Good air conditioners can last as long as 15 years if they’re properly maintained, but average air conditioners are expected to develop problems after seven to ten years if they’re neglected. If you want to get the most out of your new system, check your filters monthly and replace them as needed, keep your outdoor unit clean and free of debris, and shade the unit during the hottest parts of the day. By performing a little easy maintenance, you can greatly extend the life of your air conditioner and keep it working at its best.
The best temperature for your thermostat is the highest one at which you and your family still feel comfortable. For many people, this point is between 75 and 80 degrees Fahrenheit; for others it’s much lower. Try setting the thermostat higher when summer first creeps up, then turn it down until you find a suitable temperature.
There are several ways to increase the efficiency of your air conditioner, including leaving all air vents unblocked, installing a programmable thermostat, doing regular maintenance on your system, and using ceiling fans to help keep rooms feeling cooler so you can comfortably turn the thermostat up.
Yes. Professional maintenance goes beyond what a typical homeowner is equipped to deal with, including things like checking your refrigerant level and cleaning the evaporator coil. Having a professional examine your air conditioner once or twice a year will also help catch problems while they’re still small and manageable.
The number of people and pets living in your home and how frequently you run the air conditioning will affect how often you need to change your filter, but everyone should check their filters monthly. When the filters are discolored or plugged, they need to be replaced; this is typically 30 to 90 days after installation. During more frequent use (ie Summer) you may need to clean or replace filters every 2 weeks.
Regularly clean vegetation, leaves and debris out of your air conditioner and hose it down well with the unit turned off. By keeping the outdoor unit clean, you’ll maximize its ability to exhaust heat into the environment, making it run more efficiently.
If you notice your air conditioner has bent fins on the outside unit, purchase a fin comb designed for air conditioners and gently straighten them. Make sure the unit is off before you attempt this simple procedure.
Air conditioners that suddenly start making new noises or produce new smells should be checked right away. Other signs that your unit is having problems include its running constantly despite temperatures under 100 degrees Fahrenheit, or blowing warm air into the room, or utility bills that increase dramatically despite normal usage.
Before you call us, check that the furnace filter isn’t clogged and that the air conditioner is on and set to a temperature that will cause it to cycle. Check if the thermostat is operational, it may be possible that the batteries are simply bad. If you know where the disconnects are located, check those as well, and note if anything smells, looks, or sounds unusual.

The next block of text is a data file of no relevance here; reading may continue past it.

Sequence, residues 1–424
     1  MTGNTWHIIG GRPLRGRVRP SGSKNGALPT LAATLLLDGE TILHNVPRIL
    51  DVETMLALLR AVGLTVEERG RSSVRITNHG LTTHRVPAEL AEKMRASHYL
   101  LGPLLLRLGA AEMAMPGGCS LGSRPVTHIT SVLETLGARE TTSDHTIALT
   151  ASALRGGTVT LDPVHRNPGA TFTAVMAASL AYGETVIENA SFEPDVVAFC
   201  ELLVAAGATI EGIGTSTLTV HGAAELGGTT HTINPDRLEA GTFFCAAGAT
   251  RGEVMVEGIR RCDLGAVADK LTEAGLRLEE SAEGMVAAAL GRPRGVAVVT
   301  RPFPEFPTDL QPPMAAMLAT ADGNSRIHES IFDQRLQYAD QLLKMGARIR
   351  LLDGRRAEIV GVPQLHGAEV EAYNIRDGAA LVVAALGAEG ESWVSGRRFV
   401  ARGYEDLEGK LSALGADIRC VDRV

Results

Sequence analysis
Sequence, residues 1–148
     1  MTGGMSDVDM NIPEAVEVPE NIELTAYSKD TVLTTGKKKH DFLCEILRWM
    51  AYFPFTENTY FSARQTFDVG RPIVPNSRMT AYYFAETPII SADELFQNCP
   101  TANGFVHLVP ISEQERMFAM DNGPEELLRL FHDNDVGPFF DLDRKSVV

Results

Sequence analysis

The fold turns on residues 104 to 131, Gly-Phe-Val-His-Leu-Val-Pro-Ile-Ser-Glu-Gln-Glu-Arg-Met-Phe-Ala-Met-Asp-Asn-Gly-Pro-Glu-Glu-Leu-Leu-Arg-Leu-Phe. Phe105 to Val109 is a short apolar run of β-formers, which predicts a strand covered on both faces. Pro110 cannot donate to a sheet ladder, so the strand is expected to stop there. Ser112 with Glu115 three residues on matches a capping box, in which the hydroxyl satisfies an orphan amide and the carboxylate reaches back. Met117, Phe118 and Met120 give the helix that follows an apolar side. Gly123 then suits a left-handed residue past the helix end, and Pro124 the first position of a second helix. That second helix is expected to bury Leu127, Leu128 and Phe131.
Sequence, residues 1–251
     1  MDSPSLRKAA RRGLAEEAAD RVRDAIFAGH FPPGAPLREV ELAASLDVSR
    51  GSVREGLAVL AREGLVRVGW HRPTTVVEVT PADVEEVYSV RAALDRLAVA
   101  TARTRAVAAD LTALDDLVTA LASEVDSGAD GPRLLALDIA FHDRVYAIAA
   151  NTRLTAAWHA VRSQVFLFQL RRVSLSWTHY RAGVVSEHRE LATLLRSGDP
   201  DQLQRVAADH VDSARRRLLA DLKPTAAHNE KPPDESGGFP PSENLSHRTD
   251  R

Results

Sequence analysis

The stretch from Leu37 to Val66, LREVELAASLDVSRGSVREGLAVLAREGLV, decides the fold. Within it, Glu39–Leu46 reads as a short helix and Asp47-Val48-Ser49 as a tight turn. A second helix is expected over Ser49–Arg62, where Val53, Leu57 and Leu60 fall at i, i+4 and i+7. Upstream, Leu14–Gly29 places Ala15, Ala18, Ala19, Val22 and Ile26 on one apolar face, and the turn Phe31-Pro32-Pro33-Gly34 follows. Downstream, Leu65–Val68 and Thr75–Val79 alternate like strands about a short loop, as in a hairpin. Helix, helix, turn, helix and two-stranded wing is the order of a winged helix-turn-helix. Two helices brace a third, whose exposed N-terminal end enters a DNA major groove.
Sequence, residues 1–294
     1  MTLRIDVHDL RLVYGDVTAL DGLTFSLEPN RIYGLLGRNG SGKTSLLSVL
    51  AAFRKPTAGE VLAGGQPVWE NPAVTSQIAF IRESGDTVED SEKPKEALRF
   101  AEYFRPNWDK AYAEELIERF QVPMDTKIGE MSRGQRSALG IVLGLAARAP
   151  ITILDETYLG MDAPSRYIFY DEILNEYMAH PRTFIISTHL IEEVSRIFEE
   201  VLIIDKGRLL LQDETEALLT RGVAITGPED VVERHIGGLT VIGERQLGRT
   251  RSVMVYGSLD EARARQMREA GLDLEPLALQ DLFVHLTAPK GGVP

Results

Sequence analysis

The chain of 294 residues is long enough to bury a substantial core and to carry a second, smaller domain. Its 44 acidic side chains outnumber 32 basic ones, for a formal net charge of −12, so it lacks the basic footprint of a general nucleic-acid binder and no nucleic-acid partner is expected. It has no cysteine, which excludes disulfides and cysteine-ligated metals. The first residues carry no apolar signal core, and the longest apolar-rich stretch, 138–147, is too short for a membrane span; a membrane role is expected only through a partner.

The temperature that your air conditioner blows at will depend on the temperature of the air entering the return. Typically, room air should blow out at a temperature between 15 and 20 degrees cooler than when it went in, but if there’s excess humidity in the air, this range may vary slightly. Allow your unit to run at least 15 minutes before you compare the return air temperature to the blowing air temperature.
Air conditioners are closed systems, meaning that refrigerant should never escape from the system. Therefore, regular charges are unnecessary. The only time you’ll need to charge your air conditioner is if there is a leak present. If you do have a leak, have a professional fix it right away.
Indoor air handlers do double duty, removing heat and moisture from the air in one go. They are designed with a small pan to catch the moisture, but occasionally the drain line from the pan may become plugged. If you see water around your indoor air handler, remove the drain line and give it a good cleaning by running bleach or vinegar water through it to help clear out build-up.
Usually, an air conditioner that has frozen is suffering from restricted air flow. Turn the unit off as soon as you notice a problem and check the filter. If it’s pristine, you may have accidentally blocked the air return or have a refrigerant leak. Check your vents before you call a professional out to hunt down a leak.
Once your air conditioner has passed its seventh year, it’s likely that any major repair is going to be more expensive than replacing the unit. An older unit that’s showing signs of trouble and needs frequent visits from the repairman, that cools poorly, or suddenly creates much higher energy bills than in years past is probably ready to be replaced.
You can sometimes simply replace your outdoor unit and leave the indoor unit intact, but a mismatched system like this may cost you a lot more in energy use by reducing the efficiency of your new outdoor unit dramatically. Plus a new system may not run the same type of freon that your old system was using, thus not allowing you to keep one half of your system. You’re always better off replacing all the parts of your air conditioner at the same time for maximum efficiency and performance.
Absolutely. An air conditioner that’s just 10 years old may be as much as 60 percent less efficient than a brand new baseline unit. Today’s energy efficient models do a lot more cooling with a lot less electricity, keeping operating costs low.
No. Bigger isn’t always better. Don’t be tempted to up-size your unit unless your old unit was incorrectly sized to begin with. A too-large unit will run in frequent short cycles, preventing it from removing humidity properly from your home and shortening its lifespan.